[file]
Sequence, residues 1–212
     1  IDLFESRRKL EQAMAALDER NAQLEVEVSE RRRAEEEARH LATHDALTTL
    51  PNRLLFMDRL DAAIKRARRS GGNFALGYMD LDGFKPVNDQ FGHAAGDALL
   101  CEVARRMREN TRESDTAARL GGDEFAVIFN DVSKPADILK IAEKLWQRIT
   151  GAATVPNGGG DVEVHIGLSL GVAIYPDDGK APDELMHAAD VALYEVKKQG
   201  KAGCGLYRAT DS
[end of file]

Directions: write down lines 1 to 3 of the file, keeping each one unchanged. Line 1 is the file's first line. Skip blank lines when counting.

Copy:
Sequence, residues 1–212
     1  IDLFESRRKL EQAMAALDER NAQLEVEVSE RRRAEEEARH LATHDALTTL
    51  PNRLLFMDRL DAAIKRARRS GGNFALGYMD LDGFKPVNDQ FGHAAGDALL